Arthania: Selected Poems

By Ihor Pavlyuk
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Arthania is a personal prayer to God, which can be heard and read by people, and animals, and plants, and stars. New song rhythm forms and meanings are proposed in this book; the truth of author Ihor Pavlyuk’s life (as a citizen of Ukraine, who lived and worked in many countries of the world) is consonant with all the people of the planet who can take the subtle energy they need from this book if they adequately catch the wave of his soul through an interpretation.

Within are themes of freedom, of the individual and society, the theme of love for nature, for the homeland, for one’s parents, other people, the theme of freedom, orphanhood (the author grew up an orphan), the struggle for independence—all expressed in this autobiographical book in a poetic style. His life credo is expressed in this book with these words: “I am ready to live for ages and I am ready to die at every moment.”

About the Author

Ihor Pavlyuk (sometimes spelled as Ihor Pawlyuk, Igor Pavlyk, Igor Pavluk; Ukrainian: І́гор Зино́війович Павлю́к) is a Ukrainian writer, translator, and research worker. He was born in the Volyn region on January 1, 1967. His mother died ten days after giving birth to him and he was raised at the home of his grandfather and grandmother on his mother’s side—migrants from the Helm region. He is a Winner of a 2013 English PEN Award and a Doctor of Sciences in Social Communication. Ihor is a member of the European Society of Authors. Books of poetry by Ihor Pavlyuk are published in the USA (2011, 2019), Russia (2012), Poland (2012), England (2013), and France (2015).

Now Ihor Pavlyuk is a Leading Researcher of Taras Shevchenko Institute of Literature of the National Academy of Sciences of Ukraine in Kyiv, Professor of Ukrainian media at Ivan Franko National University of Lviv. He has participated in various international literary festivals. Works of Ihor Pavlyuk have been translated into Belarusian, Bulgarian, Chinese, English, French, Japanese, Latvian, Polish, Russian, and other languages and published in such magazines as The Apple Valley Review (Volume 7, Number 2 (Fall 2012)), Muddy River Poetry Review, Asymptote, Gold Dust (Issue 23), The Adirondack Review, The Recusant, Metamorphoses, Eurasia Review, The World Poets Quarterly, and many others.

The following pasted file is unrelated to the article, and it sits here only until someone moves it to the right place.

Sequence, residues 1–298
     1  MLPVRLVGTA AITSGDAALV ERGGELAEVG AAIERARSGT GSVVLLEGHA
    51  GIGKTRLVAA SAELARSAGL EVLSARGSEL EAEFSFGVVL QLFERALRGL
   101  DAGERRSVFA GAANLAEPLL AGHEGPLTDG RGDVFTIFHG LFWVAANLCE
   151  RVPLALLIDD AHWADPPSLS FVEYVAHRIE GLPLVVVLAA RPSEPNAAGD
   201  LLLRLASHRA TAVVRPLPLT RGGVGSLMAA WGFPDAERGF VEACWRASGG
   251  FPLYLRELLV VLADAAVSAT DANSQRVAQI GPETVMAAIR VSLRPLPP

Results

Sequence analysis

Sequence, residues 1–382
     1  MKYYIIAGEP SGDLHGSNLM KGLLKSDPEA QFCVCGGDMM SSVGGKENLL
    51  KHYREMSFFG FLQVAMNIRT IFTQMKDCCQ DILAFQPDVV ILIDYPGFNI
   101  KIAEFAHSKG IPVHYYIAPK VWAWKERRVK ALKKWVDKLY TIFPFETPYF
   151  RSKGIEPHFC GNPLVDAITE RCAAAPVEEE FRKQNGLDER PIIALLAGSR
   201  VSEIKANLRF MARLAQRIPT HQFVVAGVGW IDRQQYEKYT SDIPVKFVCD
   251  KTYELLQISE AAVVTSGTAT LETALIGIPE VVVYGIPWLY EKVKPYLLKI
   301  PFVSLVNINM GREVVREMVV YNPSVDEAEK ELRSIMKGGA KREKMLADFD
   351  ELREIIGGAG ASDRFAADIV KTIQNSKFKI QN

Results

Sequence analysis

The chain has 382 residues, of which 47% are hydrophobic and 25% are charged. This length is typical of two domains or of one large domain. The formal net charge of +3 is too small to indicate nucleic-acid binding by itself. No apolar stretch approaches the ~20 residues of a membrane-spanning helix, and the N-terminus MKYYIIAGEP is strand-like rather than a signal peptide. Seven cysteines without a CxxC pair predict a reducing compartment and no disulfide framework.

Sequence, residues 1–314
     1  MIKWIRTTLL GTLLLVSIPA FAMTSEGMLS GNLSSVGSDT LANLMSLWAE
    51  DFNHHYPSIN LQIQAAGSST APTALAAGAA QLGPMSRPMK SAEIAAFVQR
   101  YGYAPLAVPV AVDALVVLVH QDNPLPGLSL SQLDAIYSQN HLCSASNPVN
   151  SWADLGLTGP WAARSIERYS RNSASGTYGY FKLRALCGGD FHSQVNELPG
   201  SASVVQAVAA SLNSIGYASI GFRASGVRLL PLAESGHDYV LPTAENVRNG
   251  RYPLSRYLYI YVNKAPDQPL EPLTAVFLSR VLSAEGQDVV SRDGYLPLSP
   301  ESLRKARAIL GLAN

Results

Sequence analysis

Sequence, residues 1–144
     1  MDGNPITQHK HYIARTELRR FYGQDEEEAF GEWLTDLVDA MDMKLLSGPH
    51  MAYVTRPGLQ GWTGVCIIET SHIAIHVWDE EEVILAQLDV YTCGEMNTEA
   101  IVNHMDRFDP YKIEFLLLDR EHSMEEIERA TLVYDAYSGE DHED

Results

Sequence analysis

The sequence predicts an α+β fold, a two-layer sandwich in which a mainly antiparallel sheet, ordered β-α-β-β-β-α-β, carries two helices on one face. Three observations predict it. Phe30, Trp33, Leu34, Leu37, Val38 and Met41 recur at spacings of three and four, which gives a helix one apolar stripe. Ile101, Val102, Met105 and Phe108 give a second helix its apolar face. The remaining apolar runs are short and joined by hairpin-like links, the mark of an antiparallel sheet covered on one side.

Naomi Foyle

About IhorPavlyuk's book “Arthania”

As I write, thirty-five babies of international parentage are being cared for by nannies in a hotel room in Kyiv. Swedish, Spanish, Chinese and British children born of surrogate Ukrainian mothers, they have been left in limbo by the pandemic, and must wait to be claimed by their biological parents until the country opens its borders again. The question of the parentage of poems is an open one – some poets feel they are simply channels for universal visions; some feel tenderly possessive toward their creative offspring; others acknowledge the reader’s place in co-creating the meaning of their work. However one looks at it, Ihor Pavlyuk’s poems are far more fortunate than these stranded babies and their parents; dancing freely across borders and oceans, each ‘a precise and windblown snowflake’, they offer the world subtle insights crystallised from a long, arduous and complex history. War-torn between East and West, Left and Right, modern Ukraine is also a country indebted to science, in love with its literature, and culturally steeped in diverse faiths, Christian, Islamic and pagan traditions. Ihor Pavlyuk, widely regarded as one of the leading Ukrainian poets of his generation, claims the right to tread all these boundaries as ‘a lone wolf’ slinking between ‘a manger of hay . . . [and] the tsar of flowers’ (‘The Right to Be a Lone Wolf’, Arthania). At this time of global isolation and uncertainty, his poetry reminds us that we all belong to the Earth - and to the cosmos.

- Naomi Foyle

Author of Adamantine (Red Hen/Pighog Press) and The Gaia Chronicles (Jo Fletcher Books/Quercus USA)

 A few words about the book of Ihor Pavlyuk "Arthania"

"Ihor Pavlyuk has created a world that reawakens the dormant spirit of Ukraine’s past and is now expressed in these magnetic words. His voice is lyrical and epic: a meditative lyricism that moves peoples of different origins and identities to feel in harmony with land and trees, grass and water, epic in its profound vision of history and human beings. Translators and editors H. Kosiv, Yu. Lazirko and H. Sheers have reproduced the energy of Ukrainian rhyme and met the expectations of contemporary English-speaking readers who live under constant pressure but who want to enjoy peace and silence despite the aridity of our post-postmodern life. The voice of these poems has a quiet omnipotence and explains what it means to be human.

Dmytro Drozdovskyi,

PhD, Shevchenko Institute of Literature of the National Academy of Sciences of Ukraine.

Published: 2020
Page Count: 182